Flood on de Main Road? Yes Communicator You have a Role

Flood on de Main Road is more than a popular Trinidadian rapso by Ataklan about excuses for inability to travel in and around Trinidad and Tobago due to “flooding” – it is a sad reality in Trinidad and Tobago. While flooding is commonly used as an “untruth” to get out of doing necessary tasks in rainy season in Trinidad, the communicator has a role in flood preparation. Not sure? Read below:

Flood on de Main Road in T&T

1. Link up with the Office of Disaster Preparedness: Regardless of the name of your island nation, there is an Office of Disaster Preparedness. Do a Google search and use the results ask to be added to their email list. Follow them on Twitter (T&T link) and Facebook .In Trinidad we’re on both! Kudos to their team!

2. Follow international and local news services to keep abreast of information as it is made public. Share only information that has been ratified and obtained from the most credible sources. Don’t assume because “its on TV” it is true. When it comes to emergency warning, it is important to avoid sensationalism and to share reports VERBATIM where possible to avoid bias.

3. Have a communication plan ratified by your CEO and management team. You don’t want the flood warning to happen and the person required to sign off on the all staff communication is in a meeting. Plan and Prepare people – have a system approved in advance.

4. Have  a system established for communicating with staff members that may not be “in front of” their computers or logged on. A text messaging programme would be the best way to reach team members that may be on the move or not connected to internal communication system. Don’t forget you can also communicate WITHOUT being attached to your chair  – a walk around helps!

5. Have a plan for AFTER the floods. Will your company help staff affected? What is the leave policy? What can STAFF Do outside of policy to assist? What about assisting communities? What insurance does the company have for employee volunteers?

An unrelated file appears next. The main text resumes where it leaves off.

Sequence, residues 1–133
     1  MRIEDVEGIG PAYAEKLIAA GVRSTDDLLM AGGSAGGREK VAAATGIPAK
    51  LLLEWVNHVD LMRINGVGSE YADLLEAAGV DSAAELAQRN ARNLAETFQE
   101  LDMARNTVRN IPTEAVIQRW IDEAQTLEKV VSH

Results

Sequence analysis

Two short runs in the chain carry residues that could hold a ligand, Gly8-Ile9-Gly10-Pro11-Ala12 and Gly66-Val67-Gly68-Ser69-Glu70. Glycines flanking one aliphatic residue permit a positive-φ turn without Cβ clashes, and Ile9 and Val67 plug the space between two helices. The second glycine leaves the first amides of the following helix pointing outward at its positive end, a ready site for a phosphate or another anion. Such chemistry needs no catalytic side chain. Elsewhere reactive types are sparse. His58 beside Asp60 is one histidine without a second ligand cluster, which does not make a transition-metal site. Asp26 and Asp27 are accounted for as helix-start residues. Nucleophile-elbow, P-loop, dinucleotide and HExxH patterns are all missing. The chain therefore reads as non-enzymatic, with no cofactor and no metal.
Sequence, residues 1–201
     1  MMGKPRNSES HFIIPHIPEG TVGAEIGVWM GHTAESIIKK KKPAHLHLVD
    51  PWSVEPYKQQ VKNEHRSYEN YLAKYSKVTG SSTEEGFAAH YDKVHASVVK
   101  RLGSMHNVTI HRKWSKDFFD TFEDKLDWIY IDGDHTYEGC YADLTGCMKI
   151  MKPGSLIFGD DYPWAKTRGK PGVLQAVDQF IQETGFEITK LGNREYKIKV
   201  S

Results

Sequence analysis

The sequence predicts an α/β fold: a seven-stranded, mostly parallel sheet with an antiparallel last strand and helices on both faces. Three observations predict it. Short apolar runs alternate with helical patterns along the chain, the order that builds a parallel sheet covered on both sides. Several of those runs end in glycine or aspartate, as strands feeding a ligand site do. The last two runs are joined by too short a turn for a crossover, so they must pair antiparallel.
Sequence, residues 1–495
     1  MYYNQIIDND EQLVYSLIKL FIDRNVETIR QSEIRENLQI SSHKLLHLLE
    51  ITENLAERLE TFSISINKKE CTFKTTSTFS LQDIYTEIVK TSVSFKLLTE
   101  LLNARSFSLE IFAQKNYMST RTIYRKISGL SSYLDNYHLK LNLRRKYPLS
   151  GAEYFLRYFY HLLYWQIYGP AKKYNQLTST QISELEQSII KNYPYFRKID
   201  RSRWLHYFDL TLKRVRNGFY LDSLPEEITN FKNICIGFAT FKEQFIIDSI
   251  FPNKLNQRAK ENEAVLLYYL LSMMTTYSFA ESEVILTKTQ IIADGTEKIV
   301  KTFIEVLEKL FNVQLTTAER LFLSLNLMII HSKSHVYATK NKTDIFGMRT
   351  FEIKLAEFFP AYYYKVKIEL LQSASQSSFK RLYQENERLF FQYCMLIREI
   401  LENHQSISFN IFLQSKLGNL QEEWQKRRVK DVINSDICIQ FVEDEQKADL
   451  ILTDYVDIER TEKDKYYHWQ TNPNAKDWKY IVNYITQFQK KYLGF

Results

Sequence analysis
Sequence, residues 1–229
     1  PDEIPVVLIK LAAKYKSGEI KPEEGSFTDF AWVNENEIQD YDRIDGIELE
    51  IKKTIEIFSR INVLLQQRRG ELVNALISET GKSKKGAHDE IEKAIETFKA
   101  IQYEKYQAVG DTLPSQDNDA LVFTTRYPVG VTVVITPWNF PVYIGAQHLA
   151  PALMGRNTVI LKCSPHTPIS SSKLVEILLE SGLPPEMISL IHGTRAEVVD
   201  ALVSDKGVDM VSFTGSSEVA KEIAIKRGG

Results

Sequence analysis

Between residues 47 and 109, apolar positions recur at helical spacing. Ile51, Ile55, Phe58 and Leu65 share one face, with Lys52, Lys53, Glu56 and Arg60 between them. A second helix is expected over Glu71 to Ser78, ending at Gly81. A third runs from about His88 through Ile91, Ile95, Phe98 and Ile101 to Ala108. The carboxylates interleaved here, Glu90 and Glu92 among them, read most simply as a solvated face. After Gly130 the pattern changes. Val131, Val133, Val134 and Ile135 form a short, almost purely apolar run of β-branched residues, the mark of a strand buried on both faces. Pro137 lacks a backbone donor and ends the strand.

Seems like a lot of questions? Yes it is. Answer them before there’s a flood or else your communication professional reputation will be swept out with the dirty water.



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One Response to “Flood on de Main Road? Yes Communicator You have a Role”

  1. Kevin Says:

    Another issue in a severe weather situation when you have a front providing service to the public in general is the question of arrangements for early closures, or policies behind the implementation of a skeletal staff to keep the office open and provide such essential services that are required. When is it appropriate to have a skeletal staff, how do you determine who is selected to remain, clearly in a hurricane situation, you would not have a person living in Penal on the skeletal staff for the office in Port of Spain. When do you just authorise the closure of the office altogether, what are the powers that the different managers have with respect to implementing a skeletal staff or indeed authorising the closure of his or her section.

    Putting these things in place is not only critical in your corporate safety plan, but, when communicated effectively with the staff, will go a long way in showing that they are respected and cared for by the organisation and also in making things run smoother and avoiding uncertainty when these situations do arrive as they inevitably do every year.

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